9. The list of new dive watches just keeps on growing, stimulated primarily by the continued proliferation of small and even micro brands as well as the enduring popularity of the classic style of dive watch. This short topic concerns one of the latest additions to the dive watch list, the Oceaneva Deep Marine Explorer 1000m Pro Diver, which actually hails as an offshoot or co-brand of Aquacy – itself a small US-based watch company with its own eponymously branded dive watch. Given the immediately apparent similarity in style between the Oceaneva Deep Marine Explorer and the Rolex Submariner and Sea Dweller models, comparisons have been made, especially in terms the specifications of the Sea Dweller as against the Oceaneva Deep Marine Explorer. I am not going to enter the problematic subject of comparisons with Rolex here, partly because this particular style of watch has been used and abused over many years by many watch companies both large and small, and I consider that today's use of this style is now in a state that could be called “copyright expired.” So, taking the Oceaneva Deep Marine Explorer on its own merits, what does it have to offer? (Pic from microbrandwatchworld.com) (Pic from massdrop-S3.imgix.net) (Above five pics from relojesasequibles.files.wordpress.com) The bulk of the Oceaneva is constructed of brushed 316L stainless steel and the watch has a 42mm X 14.8mm thick case. It has a 7mm wide X 4.5mm signed, gear-edged, machined steel crown, with sculptural crown guard, and a diver extension equipped bracelet tapering from just under 22mm to 20mm, using an Omega design for the clasp and milled links. There is no facility for micro-adjustments on the bracelet clasp, but half links are available from Oceaneva free of charge and are apparently now to be included with every watch. The clasp exterior is engraved with the Oceaneva trident logo, as is the crown and dial, and a brick design that matches the bracelet links. The watch has a helium valve at the 9 o'clock position and a screw-down crown that is branded and also bears watch information. The 120-click unilateral rotating bezel is in polished stainless steel with a thick, high quality polished ceramic inlay that bears the engraved and Superluminova BGW9 lume-filled indices. The watch has a domed 4.8mm thick domed anti-reflective sapphire crystal well-sealed with a 1.4mm X .45mm I-ring, and the dial edge features an angled steel rehaut bearing black lettering with “HELIUM ESCAPE VALVE” on the top part and “LIMITED EDITION” on the lower portion. The indices on the dial are raised and BGW9 lumed and the watch has “Mercedes” main hands (presumably named after the small hand which terminates in a Mercedes auto emblem shape) and a “lollipop” sweep hand. A small date window is in the 3 o'clock position. The dial also bears the stated water resistance, rated at 3,300 feet. (Three pics above from zaltek.co.uk) The Oceaneva Deep Marine Explorer 1000m Pro Diver is powered by the popular Swiss-made, 26J, 28,800 bph, automatic and hacking Sellita SW200-1 movement which has a power reserve of about 38 hours. The watch is being produced as a limited run of 1000 pieces and each watch is numbered. There are ten different dial and bezel colourways available, including versions with a black, blue or white mother of pearl dial. Note that to allay any fear that the two colourways with gold highlights will not fare well in salt water, I can tell you that these are double plated with 48-hour gold plate, designed to last for many years. The Oceaneva is being produced as a limited run of 1000 watches and each watch is numbered. There are ten dial and bezel colourways available, including watches with black,white, or blue mother of pearl dials, and to allay the fear that the two colourways with gold highlights will not fare well in salt water, I can tell you that these are double plated with 48-hour gold plate, designed to last for many years. Note that the watch comes with an alternative rubber strap and a strap removal tool (see pic below). The Oceaneva Deep marine Explorer 1000m Pro Diver is fresh out of the starting gate and so we have no long-term evidence on which to base a full judgement. However, from online comments and limited review material, it is clear that this watch is well-made, well-detailed and a sturdy piece of kit. At the moment, Oceaneva are selling the model at between US$904 and US$999, depending on colourway, apparently in a sale saving some US$100-120 on the usual retail price. My feeling is that this still represents a reasonable deal, in spite of the spoiler of a sudden initial hike in prices taking the watch out of the bargain category. In corroboration of these remarks, I see that the latest issue of GQ Magazine gives the price range of the Oceaneva Deep Marine Explorer as $549-$799, well below the current price range stated by Oceaneva. (Pic from Imgrum at scontent.cdninstagram.com)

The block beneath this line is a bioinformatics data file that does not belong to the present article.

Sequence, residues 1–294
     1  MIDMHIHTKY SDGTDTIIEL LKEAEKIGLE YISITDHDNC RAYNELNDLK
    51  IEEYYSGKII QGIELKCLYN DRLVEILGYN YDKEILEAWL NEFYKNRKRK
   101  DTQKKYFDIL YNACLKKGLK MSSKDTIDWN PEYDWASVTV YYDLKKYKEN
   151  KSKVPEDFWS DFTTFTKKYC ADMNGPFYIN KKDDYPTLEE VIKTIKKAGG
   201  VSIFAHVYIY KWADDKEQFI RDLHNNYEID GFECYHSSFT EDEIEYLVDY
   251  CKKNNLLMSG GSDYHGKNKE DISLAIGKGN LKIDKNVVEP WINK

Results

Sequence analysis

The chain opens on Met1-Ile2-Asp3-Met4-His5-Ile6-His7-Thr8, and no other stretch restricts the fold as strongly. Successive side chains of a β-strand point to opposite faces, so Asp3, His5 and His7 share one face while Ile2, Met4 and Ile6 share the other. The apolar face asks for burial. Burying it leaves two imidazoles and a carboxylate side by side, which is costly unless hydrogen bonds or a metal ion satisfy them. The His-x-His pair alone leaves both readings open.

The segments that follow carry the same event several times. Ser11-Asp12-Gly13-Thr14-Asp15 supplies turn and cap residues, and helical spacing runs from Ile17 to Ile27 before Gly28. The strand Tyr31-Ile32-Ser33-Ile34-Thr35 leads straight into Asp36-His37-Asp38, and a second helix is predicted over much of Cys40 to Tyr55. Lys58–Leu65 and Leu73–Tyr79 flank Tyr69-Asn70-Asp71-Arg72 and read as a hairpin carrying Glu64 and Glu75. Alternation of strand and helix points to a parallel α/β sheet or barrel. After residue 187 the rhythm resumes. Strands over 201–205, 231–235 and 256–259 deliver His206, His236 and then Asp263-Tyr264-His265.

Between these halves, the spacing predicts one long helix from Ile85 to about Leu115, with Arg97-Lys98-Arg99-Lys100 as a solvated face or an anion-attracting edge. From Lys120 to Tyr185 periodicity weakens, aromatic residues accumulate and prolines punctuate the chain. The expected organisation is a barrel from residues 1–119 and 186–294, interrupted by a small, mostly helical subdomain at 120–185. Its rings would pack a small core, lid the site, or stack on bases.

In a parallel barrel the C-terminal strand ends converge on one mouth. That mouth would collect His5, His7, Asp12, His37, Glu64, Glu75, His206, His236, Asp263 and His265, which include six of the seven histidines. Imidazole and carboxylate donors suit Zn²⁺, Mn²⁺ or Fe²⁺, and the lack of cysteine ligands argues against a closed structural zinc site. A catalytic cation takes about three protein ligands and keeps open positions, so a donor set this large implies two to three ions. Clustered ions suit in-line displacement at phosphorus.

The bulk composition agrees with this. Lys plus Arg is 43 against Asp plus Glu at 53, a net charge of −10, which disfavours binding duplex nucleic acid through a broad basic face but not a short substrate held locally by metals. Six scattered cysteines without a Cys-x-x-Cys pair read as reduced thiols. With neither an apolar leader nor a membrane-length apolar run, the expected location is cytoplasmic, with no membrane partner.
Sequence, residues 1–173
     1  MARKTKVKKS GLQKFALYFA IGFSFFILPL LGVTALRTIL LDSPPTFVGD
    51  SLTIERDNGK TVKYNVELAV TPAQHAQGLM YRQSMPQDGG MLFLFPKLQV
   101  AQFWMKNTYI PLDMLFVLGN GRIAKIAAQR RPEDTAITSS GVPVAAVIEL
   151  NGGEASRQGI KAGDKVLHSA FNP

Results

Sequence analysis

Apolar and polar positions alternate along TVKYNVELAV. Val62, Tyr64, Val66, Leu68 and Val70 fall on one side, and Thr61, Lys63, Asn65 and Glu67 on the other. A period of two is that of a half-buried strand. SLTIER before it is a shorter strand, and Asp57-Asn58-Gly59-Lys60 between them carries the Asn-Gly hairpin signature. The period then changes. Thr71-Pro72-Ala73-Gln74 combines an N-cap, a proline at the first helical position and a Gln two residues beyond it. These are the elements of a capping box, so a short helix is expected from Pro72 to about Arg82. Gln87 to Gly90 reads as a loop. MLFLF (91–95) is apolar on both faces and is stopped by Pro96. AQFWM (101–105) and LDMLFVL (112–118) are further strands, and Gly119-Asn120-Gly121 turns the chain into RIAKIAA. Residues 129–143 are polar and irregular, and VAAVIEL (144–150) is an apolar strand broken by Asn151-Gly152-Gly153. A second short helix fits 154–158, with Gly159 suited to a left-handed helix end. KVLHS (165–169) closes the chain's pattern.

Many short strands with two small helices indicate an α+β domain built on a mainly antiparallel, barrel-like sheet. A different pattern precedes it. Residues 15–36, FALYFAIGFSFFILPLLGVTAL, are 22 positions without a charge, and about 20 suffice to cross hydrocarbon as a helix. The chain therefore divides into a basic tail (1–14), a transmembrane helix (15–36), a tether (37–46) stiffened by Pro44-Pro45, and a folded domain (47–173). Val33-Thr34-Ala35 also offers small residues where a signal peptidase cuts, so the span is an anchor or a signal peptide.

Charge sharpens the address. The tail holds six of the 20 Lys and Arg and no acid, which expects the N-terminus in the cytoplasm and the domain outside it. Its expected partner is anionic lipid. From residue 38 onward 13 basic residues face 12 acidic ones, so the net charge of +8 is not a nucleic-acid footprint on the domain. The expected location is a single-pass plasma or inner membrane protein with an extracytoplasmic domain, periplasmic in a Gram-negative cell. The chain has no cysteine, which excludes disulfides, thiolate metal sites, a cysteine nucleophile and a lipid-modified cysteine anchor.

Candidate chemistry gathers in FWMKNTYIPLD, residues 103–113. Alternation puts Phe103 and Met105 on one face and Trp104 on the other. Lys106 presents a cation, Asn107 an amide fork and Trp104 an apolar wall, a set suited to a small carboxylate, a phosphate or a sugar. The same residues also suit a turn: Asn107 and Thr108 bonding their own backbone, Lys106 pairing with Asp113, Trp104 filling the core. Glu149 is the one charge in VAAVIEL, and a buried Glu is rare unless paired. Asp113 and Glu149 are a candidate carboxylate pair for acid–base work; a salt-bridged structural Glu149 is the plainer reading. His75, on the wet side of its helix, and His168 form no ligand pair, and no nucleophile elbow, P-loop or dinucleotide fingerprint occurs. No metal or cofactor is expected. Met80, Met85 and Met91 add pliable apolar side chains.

10. Deary me... I have been trying so hard to be a fan of Bremont watches, with limited success, and this has scuppered the chances of advancement in this regard, at least for the time being.